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Publication numberUS5712986 A
Publication typeGrant
Application numberUS 08/580,000
Publication dateJan 27, 1998
Filing dateDec 19, 1995
Priority dateDec 19, 1995
Fee statusPaid
Also published asDE69622830D1, DE69622830T2, EP0780773A1, EP0780773B1
Publication number08580000, 580000, US 5712986 A, US 5712986A, US-A-5712986, US5712986 A, US5712986A
InventorsTri Tinh Vo
Original AssigneeNcr Corporation
Export CitationBiBTeX, EndNote, RefMan
External Links: USPTO, USPTO Assignment, Espacenet
Asynchronous PCI-to-PCI Bridge
US 5712986 A
Abstract
A method and apparatus of bridging a first device with a second device operating at a different clock frequency is described. The apparatus comprises a first bus slave interface coupled to the first device, and a second bus master interface coupled to the first bus slave interface and the second device, a second bus slave interface coupled to the second device, and a first bus master interface coupled to the second bus slave interface and the first device.
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Claims(25)
What is claimed is:
1. A method of bridging a first device operating at a first clock frequency with a second device operating at a second clock frequency, comprising the steps of:
(a) receiving a first command message from the first device in a bridge coupled between the first device and the second device, the message comprising a device command;
(b) storing the first command message in the bridge;
(c) transmitting the first command message to the second device;
commanding the first device to re-transmit the first command message;
(e) receiving the re-transmitted command message from the first device in the bridge;
(f) repeating steps (d)-(e) until the stored first command message matches the re-transmitted message; and
(g) repeating steps (d)-(f) until a reply message is received from the second device, the reply message responsive to the first command message; and
(h) transmitting the reply message to the first device.
2. The method of claim 1 wherein the first device is a PCI-compliant device, the second device is a PCI-compliant device, and the device command is a PCI-compliant device command.
3. The method of claim 2 wherein:
the command message comprises a write command and data; and
the reply message comprises a message indicating that the data was written to the second PCI-compliant device.
4. The method of claim 2 wherein:
the command message comprises a read command; and
the reply message comprises data from the second PCI-compliant device responsive to the read command.
5. The method of claim 2 wherein the method further comprises the step of delaying for a time period of at least two first clock periods before commanding the first PCI-compliant device to re-transmit the command message.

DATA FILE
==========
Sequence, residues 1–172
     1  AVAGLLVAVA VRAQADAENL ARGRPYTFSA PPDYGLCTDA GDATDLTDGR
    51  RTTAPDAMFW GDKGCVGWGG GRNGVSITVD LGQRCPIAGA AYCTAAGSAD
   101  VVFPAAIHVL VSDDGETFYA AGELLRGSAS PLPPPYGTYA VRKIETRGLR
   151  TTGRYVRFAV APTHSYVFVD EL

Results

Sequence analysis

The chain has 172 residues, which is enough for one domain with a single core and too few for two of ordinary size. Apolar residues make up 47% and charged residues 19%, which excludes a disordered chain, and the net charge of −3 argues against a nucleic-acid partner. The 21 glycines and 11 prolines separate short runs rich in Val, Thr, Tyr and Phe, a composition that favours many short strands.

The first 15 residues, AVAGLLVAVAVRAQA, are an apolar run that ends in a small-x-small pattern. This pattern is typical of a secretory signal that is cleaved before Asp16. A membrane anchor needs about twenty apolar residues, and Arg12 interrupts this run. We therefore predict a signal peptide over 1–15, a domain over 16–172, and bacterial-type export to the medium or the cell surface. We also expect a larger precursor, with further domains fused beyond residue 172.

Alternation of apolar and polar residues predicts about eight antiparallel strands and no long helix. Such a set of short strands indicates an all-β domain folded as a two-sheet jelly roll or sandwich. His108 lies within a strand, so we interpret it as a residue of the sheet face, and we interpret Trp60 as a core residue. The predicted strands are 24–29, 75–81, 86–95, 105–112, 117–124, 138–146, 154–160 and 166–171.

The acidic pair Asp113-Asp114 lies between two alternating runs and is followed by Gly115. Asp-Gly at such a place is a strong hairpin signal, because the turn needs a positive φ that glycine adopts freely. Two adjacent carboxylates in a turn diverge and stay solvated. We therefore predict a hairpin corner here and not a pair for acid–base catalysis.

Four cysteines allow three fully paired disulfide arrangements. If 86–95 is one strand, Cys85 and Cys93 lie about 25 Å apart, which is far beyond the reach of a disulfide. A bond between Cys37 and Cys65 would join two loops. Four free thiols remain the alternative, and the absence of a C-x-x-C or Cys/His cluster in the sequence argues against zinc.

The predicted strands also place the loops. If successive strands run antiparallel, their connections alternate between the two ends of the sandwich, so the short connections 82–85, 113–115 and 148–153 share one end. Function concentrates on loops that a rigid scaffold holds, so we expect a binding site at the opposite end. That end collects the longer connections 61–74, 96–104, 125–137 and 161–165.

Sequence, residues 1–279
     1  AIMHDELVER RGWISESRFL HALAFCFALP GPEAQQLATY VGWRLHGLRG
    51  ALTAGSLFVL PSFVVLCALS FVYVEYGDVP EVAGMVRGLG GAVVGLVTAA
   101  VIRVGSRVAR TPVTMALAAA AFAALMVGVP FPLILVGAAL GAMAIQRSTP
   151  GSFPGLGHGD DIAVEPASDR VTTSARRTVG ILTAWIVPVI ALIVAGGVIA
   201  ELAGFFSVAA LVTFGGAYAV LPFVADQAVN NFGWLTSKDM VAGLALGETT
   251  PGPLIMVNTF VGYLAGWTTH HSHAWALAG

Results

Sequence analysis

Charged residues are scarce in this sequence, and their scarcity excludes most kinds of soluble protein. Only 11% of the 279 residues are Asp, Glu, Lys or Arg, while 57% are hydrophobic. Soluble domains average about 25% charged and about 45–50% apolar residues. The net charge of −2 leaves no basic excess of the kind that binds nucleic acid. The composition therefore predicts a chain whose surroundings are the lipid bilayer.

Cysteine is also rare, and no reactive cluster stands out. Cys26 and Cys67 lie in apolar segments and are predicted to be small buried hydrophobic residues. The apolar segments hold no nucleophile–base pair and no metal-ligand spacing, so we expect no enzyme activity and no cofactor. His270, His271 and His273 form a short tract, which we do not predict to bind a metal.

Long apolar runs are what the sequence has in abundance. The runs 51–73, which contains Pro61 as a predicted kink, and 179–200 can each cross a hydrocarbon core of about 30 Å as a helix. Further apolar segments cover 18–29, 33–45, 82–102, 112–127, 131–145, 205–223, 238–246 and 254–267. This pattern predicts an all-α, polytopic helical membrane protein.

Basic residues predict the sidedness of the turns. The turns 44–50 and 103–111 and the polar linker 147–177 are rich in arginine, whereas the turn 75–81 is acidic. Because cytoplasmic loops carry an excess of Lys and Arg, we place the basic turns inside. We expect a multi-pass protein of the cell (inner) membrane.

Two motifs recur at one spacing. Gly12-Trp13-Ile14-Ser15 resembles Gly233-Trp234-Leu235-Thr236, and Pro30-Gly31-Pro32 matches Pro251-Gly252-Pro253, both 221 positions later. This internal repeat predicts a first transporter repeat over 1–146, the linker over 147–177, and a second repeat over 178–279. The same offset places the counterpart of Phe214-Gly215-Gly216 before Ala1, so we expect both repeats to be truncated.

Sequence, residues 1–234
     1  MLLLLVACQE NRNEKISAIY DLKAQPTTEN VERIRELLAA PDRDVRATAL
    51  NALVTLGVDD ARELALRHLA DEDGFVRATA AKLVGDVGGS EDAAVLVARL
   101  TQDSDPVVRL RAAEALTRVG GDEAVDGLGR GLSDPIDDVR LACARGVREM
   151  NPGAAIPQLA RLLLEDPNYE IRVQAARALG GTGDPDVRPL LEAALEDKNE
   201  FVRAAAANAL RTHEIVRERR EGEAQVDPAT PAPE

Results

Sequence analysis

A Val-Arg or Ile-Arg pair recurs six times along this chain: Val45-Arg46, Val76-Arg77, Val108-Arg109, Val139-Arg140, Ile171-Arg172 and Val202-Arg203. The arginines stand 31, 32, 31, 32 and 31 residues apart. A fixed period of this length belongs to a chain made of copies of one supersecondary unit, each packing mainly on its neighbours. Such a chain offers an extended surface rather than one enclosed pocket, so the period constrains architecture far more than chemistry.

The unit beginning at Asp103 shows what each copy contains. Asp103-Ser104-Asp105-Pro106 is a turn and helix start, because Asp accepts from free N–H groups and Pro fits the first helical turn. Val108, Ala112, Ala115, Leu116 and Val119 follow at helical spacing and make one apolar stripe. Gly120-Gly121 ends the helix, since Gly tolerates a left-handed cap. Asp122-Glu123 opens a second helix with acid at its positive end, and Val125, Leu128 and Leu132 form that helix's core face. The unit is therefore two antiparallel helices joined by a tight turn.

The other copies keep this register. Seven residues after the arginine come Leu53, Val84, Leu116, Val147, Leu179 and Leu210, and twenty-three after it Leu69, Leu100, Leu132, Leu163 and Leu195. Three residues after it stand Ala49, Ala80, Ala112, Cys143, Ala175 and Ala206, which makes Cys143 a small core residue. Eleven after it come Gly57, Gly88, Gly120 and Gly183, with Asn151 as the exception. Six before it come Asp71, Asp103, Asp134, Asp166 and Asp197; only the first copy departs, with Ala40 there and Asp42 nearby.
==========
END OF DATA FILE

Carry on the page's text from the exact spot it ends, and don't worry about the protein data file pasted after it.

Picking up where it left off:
6. The method of claim 2 wherein the step of receiving the first command message further comprises the steps of:
determining if the PCI-compliant device command is supported by the second PCI-compliant device; and
returning the bridge to an idle state when the PCI-compliant device command is not supported by the second PCI-compliant device.
7. A method of bridging a first device operating at a first clock frequency with a second device operating at a second clock frequency, comprising the steps of:
receiving a first command message from the second device in a bridge coupled between the first device and the second device, the message comprising a device command;
storing the first command message in the bridge;
accessing the first device;
transmitting the first command message from the bridge to the first device when access to the first device is granted and the first device is idle;
receiving a reply message responsive to the first command message from the first device in the bridge; and
transmitting the reply message to the second device.
8. The method of claim 7 wherein the first device is a PCI-compliant device, the second device is a PCI-compliant device, and the device command is a PCI-compliant device command.
9. The method of claim 8 wherein:
the command message comprises a write command and data; and
the reply message comprises a message indicating that the data was written to the first PCI-compliant device.
10. The method of claim 8 wherein:
the command message comprises a read command; and
the reply message comprises data from the second PCI-compliant device responsive to the read command.
11. The method of claim 8 wherein the step of accessing the first PCI-compliant device comprises the steps of:
(a) requesting access to the first PCI-compliant device by transmitting a request signal from the bridge to the first PCI-compliant device;
(b) receiving a signal from the first PCI-compliant device in the bridge indicating that the first PCI-compliant device has been granted to the bridge;
(c) receiving a signal indicating that the first PCI-compliant device is idle;
(d) releasing the first PCI-compliant device if the first PCI-compliant device is not idle;
(e) repeating steps (a)-(d) until the PCI-compliant device is both granted and idle; and
(f) performing PCI access handshaking when the PCI-compliant device is both granted and idle.